While there is no "I" in team, you better bet that "knowing thyself" is perhaps the most important (and often overlooked) element of a team. When a team leader is unable to establish clear guidelines and expectations for their team, a host of ills can plague the team – including mission creep and a lack of role definition.
Mission creep is when an organization expands its mission beyond its original goals. It usually occurs during a crisis situation in which a rash decision is made and can impact internal goals, finances, and organizational reputation. It is important to note this is different from making strategic organizational shifts. In the instance of mission creep, the employees are unable to identify the mission of the organization and/or are unable to hold true to its values.
Lack of role definition occurs when employees do not have clarity in their work objectives and responsibilities, are not held accountable for their actions, and/or don’t understand the overall scope of their job. This lack of definition can also be found at an organizational level, when there is a lack of controls around things such as job design, work environment, and overall working conditions. Lack of role definition can cause stress at all levels of an organization.
What is often missed in these situations is the fact that teammates need to know themselves before they can truly show-up in an authentic – and effective – manner. Great teammates show up every day. They are defined by their actions, including the ability to:
- Be self-aware. Self-awareness has several key components, including the ability to identify emotions, an accurate self-perception, recognition of personal strengths, the possession of strong self-confidence and self-efficacy.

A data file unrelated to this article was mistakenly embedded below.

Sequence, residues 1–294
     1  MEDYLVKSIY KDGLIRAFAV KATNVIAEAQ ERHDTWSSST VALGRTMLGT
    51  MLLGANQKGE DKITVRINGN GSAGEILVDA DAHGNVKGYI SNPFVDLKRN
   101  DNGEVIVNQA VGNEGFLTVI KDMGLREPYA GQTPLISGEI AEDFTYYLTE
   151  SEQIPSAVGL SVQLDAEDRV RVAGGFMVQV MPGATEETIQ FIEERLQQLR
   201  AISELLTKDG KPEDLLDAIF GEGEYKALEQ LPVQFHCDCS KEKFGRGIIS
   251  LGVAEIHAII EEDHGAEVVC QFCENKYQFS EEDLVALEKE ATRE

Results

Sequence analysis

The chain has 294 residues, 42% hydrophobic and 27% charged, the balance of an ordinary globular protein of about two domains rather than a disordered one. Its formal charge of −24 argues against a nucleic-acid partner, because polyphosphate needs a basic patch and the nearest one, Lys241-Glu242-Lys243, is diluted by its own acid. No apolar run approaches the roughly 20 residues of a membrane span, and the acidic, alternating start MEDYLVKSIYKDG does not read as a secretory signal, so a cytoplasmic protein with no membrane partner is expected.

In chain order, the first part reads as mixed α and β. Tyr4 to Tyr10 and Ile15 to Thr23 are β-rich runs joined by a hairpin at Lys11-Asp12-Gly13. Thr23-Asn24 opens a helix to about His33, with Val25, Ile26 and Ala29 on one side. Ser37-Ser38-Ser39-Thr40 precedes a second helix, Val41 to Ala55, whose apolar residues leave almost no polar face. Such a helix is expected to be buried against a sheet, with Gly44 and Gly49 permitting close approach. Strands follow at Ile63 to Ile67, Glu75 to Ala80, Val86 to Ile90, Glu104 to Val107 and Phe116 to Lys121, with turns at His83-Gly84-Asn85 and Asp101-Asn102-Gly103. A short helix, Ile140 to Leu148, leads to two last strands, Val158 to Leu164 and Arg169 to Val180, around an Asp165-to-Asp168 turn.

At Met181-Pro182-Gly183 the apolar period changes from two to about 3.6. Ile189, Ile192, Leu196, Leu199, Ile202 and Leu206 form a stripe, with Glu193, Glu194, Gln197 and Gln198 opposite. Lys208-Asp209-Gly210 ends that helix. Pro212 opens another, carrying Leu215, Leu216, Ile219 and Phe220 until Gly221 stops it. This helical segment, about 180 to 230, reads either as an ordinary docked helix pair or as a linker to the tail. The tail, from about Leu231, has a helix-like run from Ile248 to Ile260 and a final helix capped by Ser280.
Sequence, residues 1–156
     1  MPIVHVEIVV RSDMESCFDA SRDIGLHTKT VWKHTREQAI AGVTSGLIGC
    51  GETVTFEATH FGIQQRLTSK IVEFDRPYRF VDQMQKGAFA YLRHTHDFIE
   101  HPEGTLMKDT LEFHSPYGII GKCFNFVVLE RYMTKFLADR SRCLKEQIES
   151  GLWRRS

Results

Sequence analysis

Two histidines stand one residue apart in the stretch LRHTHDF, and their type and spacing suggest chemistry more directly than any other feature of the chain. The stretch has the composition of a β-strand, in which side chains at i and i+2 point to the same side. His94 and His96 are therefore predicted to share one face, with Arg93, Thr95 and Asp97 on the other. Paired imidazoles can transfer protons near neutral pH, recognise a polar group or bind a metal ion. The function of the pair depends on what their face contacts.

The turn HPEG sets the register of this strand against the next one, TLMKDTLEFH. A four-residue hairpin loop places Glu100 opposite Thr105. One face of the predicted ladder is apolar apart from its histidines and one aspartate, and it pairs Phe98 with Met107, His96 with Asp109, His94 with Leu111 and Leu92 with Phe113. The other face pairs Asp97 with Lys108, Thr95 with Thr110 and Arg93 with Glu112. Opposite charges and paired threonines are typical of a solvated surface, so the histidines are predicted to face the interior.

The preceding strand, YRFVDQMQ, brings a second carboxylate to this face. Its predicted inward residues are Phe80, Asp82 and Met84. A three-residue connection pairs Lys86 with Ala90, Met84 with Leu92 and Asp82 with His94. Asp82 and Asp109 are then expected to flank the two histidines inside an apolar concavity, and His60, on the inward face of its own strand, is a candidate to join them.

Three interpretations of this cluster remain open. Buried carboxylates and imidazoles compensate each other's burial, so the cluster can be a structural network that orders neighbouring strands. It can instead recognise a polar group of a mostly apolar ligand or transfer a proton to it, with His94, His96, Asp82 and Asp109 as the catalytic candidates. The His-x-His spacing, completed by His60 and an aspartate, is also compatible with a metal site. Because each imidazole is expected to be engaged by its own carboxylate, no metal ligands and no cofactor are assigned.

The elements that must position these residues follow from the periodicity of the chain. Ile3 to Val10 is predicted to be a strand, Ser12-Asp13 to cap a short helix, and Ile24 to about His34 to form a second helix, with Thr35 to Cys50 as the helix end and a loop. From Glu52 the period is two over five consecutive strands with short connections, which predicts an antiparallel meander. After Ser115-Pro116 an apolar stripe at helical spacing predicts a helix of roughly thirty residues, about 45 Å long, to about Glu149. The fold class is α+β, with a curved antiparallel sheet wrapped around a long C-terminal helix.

- Help others succeed. Help to cultivate the genius in others - rather than needing to be the expert. People tend to gravitate towards those who are will to help to seek inspiration and guidance.
- Allow others to help. By being approachable, authentic, and open, these teammates help to build a positive environment of collaboration and inclusion.
- Focus on shared interest. This will help build credibility, a positive reputation, and increase power within an organization.
- Really listen. If you listen well, the path to becoming a better co-worker and team player reveals itself.
- Treat everyone fairly. When you see everyone as an equal, the entire team benefits from collaboration and problem-solving. Ask questions such as “how can I help you” and “how can we work together.”
- Promote different roles. Teams can’t be made up of only leaders –roles such as expert, agitator, novice, and translator carry equal weight on any team.
- Ask for and give feedback freely. Employees might consider asking their peers for candid feedback on their strengths and weaknesses, as well as how they could become a better teammate.
- Lead by example. Let your actions speak louder than words – don’t just talk about it, do it.
Leaders of teams are tasked with many priorities and asked to find solutions to many challenges in today’s business world. By knowing yourself, and those on your team, organizations can avoid the dual pitfalls of mission creep and lack of role definition and stay on the path to success. If you are struggling within your organization, reach out. Let’s discuss!
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